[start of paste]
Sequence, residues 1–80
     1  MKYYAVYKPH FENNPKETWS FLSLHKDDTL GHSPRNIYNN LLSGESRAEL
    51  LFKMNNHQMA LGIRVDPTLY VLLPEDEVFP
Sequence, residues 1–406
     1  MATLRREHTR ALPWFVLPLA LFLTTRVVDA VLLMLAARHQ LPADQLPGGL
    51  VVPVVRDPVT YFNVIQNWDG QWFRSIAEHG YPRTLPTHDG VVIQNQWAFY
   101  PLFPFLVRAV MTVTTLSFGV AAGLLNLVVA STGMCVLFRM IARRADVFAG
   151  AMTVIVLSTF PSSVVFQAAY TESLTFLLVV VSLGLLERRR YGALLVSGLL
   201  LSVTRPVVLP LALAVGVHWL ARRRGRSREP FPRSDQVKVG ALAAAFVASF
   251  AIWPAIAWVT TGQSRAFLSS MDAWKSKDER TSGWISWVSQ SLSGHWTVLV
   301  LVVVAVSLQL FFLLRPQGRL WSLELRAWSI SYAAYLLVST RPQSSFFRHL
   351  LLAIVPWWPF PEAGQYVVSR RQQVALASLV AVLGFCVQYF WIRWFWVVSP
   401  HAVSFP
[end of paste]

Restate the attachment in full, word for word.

Sequence, residues 1–80
     1  MKYYAVYKPH FENNPKETWS FLSLHKDDTL GHSPRNIYNN LLSGESRAEL
    51  LFKMNNHQMA LGIRVDPTLY VLLPEDEVFP
Sequence, residues 1–406
     1  MATLRREHTR ALPWFVLPLA LFLTTRVVDA VLLMLAARHQ LPADQLPGGL
    51  VVPVVRDPVT YFNVIQNWDG QWFRSIAEHG YPRTLPTHDG VVIQNQWAFY
   101  PLFPFLVRAV MTVTTLSFGV AAGLLNLVVA STGMCVLFRM IARRADVFAG
   151  AMTVIVLSTF PSSVVFQAAY TESLTFLLVV VSLGLLERRR YGALLVSGLL
   201  LSVTRPVVLP LALAVGVHWL ARRRGRSREP FPRSDQVKVG ALAAAFVASF
   251  AIWPAIAWVT TGQSRAFLSS MDAWKSKDER TSGWISWVSQ SLSGHWTVLV
   301  LVVVAVSLQL FFLLRPQGRL WSLELRAWSI SYAAYLLVST RPQSSFFRHL
   351  LLAIVPWWPF PEAGQYVVSR RQQVALASLV AVLGFCVQYF WIRWFWVVSP
   401  HAVSFP